Distance (From New Delhi Railway Station): 15 Kms
Visited From: Qutub Minar
Trip Duration (Including Travel): 15 Mins or Less
Place Location: Inside Qutub Complex
Transportation Options: Walk/Trek
Phone No: NA
Travel Tips: Following places are located inside Qutub Complex and are visited together:
Alauddin Khilji Tomb and Madrasa
Tomb of Iltutmish
Following places are near by Qutub Complex and are ideally visited in a single trip:
Mehrauli Archaeological Park (2 km)
Jahaz Mahal (2 km)
Sri Aadya Katyayani Shakti Peeth Mandir - Chhatarpur (4 km)
At a distance of 15 km from New Delhi Railway Station, The Iron Pillar is standing at the center of the Quwwat-ul-Mosque in the Qutub Complex.
The Iron Pillar dates back to around 4th century, which was erected for honouring Lord Vishnu and in remembrance of Chandragupta II Vikramaditya (375-413). Based on inscriptions and archaeological evidence, the Iron Pillar of Delhi was originally located in Udayagiri near Vidisha in Madhya Pradesh. It was brought to its current location in 1233 AD by Shams-ud-din Iltutmish during his invasion of Malwa. It was erected as a flag pole and it is still a mystery that how this pillar moved to the present location in Qutub Minar. The pillar also highlights ancient India's achievements in metallurgy.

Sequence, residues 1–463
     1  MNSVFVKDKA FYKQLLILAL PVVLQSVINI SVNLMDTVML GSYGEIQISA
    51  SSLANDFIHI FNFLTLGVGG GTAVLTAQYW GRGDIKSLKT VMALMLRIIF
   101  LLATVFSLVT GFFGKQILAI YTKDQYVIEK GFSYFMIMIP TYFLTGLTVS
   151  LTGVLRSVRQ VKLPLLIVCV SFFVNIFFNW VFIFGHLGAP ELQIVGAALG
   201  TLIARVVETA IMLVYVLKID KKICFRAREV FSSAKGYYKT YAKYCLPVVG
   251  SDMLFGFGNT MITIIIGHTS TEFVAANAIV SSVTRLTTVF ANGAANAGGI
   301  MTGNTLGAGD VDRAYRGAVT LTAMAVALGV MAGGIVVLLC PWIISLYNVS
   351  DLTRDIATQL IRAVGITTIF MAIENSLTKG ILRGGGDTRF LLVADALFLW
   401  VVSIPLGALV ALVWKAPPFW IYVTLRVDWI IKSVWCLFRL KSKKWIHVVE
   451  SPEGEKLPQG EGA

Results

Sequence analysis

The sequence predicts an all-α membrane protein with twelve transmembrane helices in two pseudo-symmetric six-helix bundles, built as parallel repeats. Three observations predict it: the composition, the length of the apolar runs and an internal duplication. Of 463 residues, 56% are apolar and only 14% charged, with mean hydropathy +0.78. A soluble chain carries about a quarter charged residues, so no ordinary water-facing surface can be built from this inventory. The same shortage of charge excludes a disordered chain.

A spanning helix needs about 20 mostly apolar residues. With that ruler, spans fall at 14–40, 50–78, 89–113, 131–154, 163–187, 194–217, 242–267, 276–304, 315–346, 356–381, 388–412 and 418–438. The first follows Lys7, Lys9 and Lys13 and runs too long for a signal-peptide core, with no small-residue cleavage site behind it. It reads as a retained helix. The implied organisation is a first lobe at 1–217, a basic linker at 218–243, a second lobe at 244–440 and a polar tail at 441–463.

This pillar is about 7.3 m tall and is made of 98% wrought iron, which has not rusted or decomposed for more than 1600 years. The decorative bell at the top end of the Iron Pillar presents a marvelous design. The next part of the structure is the slanted rod disc. The next three parts consist of rounded disc structures. While the top and bottom discs are semi-rounded, the middle disc, which is also the thickest of the three, is completely round in shape. The sixth portion is another plain disc on top of which rests the final structure, which is the box pedestal. It is believed that the purpose of the box pedestal was to serve as a platform for a figure.
There are Sanskrit inscriptions in Brahmi Script etched on the pillar, some mentioning the Tomar King Anang Pal & it is said to weigh more than six tons. There is a popular traditional myth that it brings good luck if one can circle & join one's hands with their back to the pillar. For centuries it is exposed to the Sun, rain, winds, extreme heat and cold, but it continues to successfully resist all signs of ageing and wear and tear.
Entry Fee (Qutub Complex): Rs. 10 for Indians and Rs. 250 for Foreigners.
Timings: 6.30 AM to 6.30 PM.